Gravitomagnetism and Gravitational Waves

Gravitomagnetism and Gravitational Waves
Show More

Related videos

Abell 2218: A Massive Gravitational Lens
Episode 10 of Experiencing Hubble
One of the consequences of Einstein's general theory of relativity is evident in Hubble's picture of the galaxy cluster Abell 2218. Investigate the physics of this phenomenon, called gravitational lensing, and discover how Hubble has used it to study extremely distant galaxies as well as dark matter.
Finding Planets with Gravitational Lensing
Get a lesson in Einstein's general theory of relativity to understand an effect called gravitational microlensing, which allows astronomers to deduce a planet's existence without recording any light from the planet or its host star. This technique reveals exoplanets that would otherwise go undetected.
The Amazing World of Aviation
From Alpha to Zulu this series takes viewers back to the beginning of flight up through its entire history as an amazing growing industry up to modern-day plans to thrust commercial aviation travel into space. Produced by Switch International.
The Success of Twin-Engine Aircraft
Part of the Series: The Amazing World of Aviation
Increasing passenger loads created greater demand on the world's most popular air lines, especially across the Atlantic. Traditionally, regulators had insisted that all passenger aircraft be powered by at least three engines, but the development of more sophisticated airplanes eventually made twin-engine, long-distance travel feasible. A new standard was introduced,…
The Boeing 787 - A Revelation in Air Travel
Part of the Series: The Amazing World of Aviation
The Boeing 787 may not look different, but according to it's manufacturers it is a revolution in air travel and will help preserve the natural resources of the planet. Similar to the Airbus A380, the plane is made from carbon-fiber reinforced plastics and aluminum glass fiber materials which are lighter…
Next Stop for the Aviation Industry - Space!
Part of the Series: The Amazing World of Aviation
In 1982 the US government initiated a top secret research program known as Copper Canyon, to investigate the possibility of a single stage-to-orbit airplane which could take off and land horizontally. In 1990 the X-30 National Aero-Space Plane was developed by MacDonald Douglas, Rockwell International and General Dynamics in an…
The Beginnings of Flight
Part of the Series: The Amazing World of Aviation
From the exhilarating and perilous days of early flight, to the present, where travel on commercial flights all over the world is as common as travel by motorcar, this program looks at the beginnings of flight, with innovators such as Benjamin Franklin and Leonardo DaVinci coming up with new ways…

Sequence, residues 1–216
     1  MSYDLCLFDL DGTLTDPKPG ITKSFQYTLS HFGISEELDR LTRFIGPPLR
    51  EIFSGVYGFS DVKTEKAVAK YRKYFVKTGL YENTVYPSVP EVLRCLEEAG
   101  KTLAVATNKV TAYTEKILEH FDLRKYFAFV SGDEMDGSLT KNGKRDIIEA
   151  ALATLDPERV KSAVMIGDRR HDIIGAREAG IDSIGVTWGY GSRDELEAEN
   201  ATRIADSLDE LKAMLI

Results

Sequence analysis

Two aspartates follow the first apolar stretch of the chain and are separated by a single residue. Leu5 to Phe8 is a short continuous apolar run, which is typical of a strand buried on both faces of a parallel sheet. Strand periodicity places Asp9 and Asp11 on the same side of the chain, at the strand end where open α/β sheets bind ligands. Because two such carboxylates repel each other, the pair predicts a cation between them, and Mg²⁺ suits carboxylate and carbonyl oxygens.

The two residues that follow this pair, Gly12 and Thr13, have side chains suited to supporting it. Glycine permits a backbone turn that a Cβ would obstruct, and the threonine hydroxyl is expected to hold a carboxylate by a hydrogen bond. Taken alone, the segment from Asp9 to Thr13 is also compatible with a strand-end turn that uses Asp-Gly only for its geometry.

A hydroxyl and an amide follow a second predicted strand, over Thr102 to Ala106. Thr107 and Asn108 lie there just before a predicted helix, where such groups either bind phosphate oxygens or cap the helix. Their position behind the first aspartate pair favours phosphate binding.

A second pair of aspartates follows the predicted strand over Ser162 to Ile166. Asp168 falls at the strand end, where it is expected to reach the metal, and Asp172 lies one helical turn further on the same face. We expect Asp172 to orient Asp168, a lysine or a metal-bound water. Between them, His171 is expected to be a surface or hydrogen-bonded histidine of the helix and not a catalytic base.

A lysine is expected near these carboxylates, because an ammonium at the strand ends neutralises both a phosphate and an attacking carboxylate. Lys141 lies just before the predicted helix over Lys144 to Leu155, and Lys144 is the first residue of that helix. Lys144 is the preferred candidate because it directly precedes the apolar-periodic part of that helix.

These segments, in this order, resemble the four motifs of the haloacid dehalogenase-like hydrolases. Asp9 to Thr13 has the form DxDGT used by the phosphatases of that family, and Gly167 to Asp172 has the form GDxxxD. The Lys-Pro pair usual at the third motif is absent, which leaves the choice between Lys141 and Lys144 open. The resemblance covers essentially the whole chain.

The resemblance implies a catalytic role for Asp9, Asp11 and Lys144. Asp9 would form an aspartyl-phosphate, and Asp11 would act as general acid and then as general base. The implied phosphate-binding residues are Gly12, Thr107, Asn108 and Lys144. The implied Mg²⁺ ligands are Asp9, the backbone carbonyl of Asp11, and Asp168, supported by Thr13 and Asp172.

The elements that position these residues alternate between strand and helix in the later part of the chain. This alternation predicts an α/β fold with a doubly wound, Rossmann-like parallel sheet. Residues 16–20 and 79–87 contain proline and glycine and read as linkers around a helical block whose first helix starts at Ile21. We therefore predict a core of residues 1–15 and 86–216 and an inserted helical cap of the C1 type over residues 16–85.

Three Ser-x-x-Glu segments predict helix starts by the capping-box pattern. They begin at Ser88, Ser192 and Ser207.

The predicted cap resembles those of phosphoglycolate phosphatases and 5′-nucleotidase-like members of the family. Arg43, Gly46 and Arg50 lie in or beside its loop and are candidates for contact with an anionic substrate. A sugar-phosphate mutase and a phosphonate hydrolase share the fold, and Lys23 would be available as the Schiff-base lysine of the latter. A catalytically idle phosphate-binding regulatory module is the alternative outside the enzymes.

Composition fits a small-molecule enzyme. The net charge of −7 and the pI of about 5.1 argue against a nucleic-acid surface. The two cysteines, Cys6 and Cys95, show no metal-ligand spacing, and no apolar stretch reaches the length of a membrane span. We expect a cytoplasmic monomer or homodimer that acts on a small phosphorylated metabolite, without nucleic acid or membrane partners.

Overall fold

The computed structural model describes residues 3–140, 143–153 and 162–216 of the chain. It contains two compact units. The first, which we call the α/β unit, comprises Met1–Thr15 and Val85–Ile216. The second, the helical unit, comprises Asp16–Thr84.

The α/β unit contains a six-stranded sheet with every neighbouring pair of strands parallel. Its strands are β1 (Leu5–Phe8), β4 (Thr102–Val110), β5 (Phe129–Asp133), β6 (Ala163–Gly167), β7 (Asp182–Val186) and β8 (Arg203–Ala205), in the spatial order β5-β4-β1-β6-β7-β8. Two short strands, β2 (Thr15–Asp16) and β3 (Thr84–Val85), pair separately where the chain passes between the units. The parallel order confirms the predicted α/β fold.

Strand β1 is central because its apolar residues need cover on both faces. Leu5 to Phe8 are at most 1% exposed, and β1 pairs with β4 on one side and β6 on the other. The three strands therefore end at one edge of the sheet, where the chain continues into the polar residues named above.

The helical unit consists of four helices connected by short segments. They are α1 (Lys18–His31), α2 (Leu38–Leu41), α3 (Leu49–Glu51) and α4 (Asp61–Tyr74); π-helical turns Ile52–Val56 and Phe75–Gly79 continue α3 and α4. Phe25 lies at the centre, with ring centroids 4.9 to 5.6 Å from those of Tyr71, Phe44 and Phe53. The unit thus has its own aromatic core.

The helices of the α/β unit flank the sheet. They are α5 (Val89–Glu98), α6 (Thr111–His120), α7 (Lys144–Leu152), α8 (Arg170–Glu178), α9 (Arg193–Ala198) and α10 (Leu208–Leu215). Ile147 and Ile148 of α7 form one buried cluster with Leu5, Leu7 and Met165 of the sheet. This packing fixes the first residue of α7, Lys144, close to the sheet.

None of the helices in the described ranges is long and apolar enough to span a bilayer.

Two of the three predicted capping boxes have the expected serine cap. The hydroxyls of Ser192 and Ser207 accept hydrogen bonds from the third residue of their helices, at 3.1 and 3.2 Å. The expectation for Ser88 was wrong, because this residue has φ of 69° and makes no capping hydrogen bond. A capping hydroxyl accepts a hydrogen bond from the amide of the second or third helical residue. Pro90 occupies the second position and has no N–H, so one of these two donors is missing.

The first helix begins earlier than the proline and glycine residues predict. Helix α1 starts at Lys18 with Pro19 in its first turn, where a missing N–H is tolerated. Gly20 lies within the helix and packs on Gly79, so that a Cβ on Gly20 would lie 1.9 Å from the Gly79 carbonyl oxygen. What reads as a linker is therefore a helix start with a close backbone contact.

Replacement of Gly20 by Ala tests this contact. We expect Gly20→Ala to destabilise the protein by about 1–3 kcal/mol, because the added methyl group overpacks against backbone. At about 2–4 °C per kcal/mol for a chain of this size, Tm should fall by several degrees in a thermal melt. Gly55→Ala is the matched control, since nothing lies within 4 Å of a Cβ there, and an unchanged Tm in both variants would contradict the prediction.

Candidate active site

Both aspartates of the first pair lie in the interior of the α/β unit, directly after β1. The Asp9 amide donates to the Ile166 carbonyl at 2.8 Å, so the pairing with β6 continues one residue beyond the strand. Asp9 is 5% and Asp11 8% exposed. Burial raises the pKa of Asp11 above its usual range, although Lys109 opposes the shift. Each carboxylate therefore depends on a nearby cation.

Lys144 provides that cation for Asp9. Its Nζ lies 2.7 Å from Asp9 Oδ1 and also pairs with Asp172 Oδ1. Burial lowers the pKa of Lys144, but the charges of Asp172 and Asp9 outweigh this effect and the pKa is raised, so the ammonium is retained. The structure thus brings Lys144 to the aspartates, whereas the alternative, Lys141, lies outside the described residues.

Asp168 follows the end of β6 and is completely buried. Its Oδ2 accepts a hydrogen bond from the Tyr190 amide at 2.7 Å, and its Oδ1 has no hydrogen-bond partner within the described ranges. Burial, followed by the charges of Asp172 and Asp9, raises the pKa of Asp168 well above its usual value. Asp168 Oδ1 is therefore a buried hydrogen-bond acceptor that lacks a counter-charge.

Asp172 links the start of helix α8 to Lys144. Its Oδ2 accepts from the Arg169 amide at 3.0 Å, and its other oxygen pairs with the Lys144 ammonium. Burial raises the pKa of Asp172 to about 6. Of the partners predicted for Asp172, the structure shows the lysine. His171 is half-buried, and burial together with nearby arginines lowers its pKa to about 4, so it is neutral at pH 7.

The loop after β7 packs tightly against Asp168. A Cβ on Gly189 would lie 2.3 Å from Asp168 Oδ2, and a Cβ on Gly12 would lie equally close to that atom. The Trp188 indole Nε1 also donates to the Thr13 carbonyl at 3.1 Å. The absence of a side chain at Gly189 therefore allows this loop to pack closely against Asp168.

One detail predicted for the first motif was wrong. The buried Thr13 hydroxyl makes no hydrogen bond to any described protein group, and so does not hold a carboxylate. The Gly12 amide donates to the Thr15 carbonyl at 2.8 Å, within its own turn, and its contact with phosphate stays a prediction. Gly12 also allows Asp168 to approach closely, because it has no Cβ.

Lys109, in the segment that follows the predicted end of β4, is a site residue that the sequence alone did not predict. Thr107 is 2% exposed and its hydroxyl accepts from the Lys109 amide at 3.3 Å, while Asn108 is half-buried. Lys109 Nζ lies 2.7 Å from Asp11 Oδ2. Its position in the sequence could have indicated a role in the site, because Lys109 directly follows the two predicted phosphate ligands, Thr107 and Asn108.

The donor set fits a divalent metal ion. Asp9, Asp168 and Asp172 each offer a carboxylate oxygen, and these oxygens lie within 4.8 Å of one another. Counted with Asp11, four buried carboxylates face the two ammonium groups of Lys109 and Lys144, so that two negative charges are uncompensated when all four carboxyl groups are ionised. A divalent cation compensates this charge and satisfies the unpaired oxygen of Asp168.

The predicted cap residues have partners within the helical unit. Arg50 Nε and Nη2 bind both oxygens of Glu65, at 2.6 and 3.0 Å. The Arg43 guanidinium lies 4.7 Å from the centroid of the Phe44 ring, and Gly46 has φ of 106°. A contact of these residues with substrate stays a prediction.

The First Decades of Aviation
Part of the Series: The Amazing World of Aviation
The first decades of aviation brought both triumph and tragedy. To fly an early airplane required skill, courage and daring. A new breed of adventurers looked to the heavens for their challenges, and thrilled audiences around the world. The advent of the movie camera meant that their exploits could be…
Aeronautical Technology Takes Off
Part of the Series: The Amazing World of Aviation
The decades following the First World War saw aircraft designers pushing the boundaries of aeronautical technology, moving the industry forward at a rapid pace. With new commercial markets opening up, it was the visionaries who held the key to success. Each invention promising a future filled with endless possibilities. Airplane…
Aviation Goes Commercial
Part of the Series: The Amazing World of Aviation
In 1951, a whimsical animation encouraged Americans to appreciate the joys of flight. The years following the First World War saw flying take off as business. Previously unimagined opportunities opened up, among them, skywriting and sightseeing tours. Flying became a bigger feature of life all around the world, not just…
Seaplanes Cross the Oceans
Part of the Series: The Amazing World of Aviation
The very first airplanes were purely land-based. It soon became apparent that planes would need to be able to fly over water in order to transport passengers and cargo effectively. On 28th March 1910, Henri Fabre became the first person to successfully pilot a seaplane over water. Seaplane development went…
The History of the Jet Age
Part of the Series: The Amazing World of Aviation
In 1966, British aviation expert Sir Frank Whittle was honored for his services to the aviation industry. Twenty-five years earlier, the aeronautical engineer had invented the jet engine, and ushered in a new era of air travel. On May the 15th, 1941, the first experimental flight using Whittle's engine took…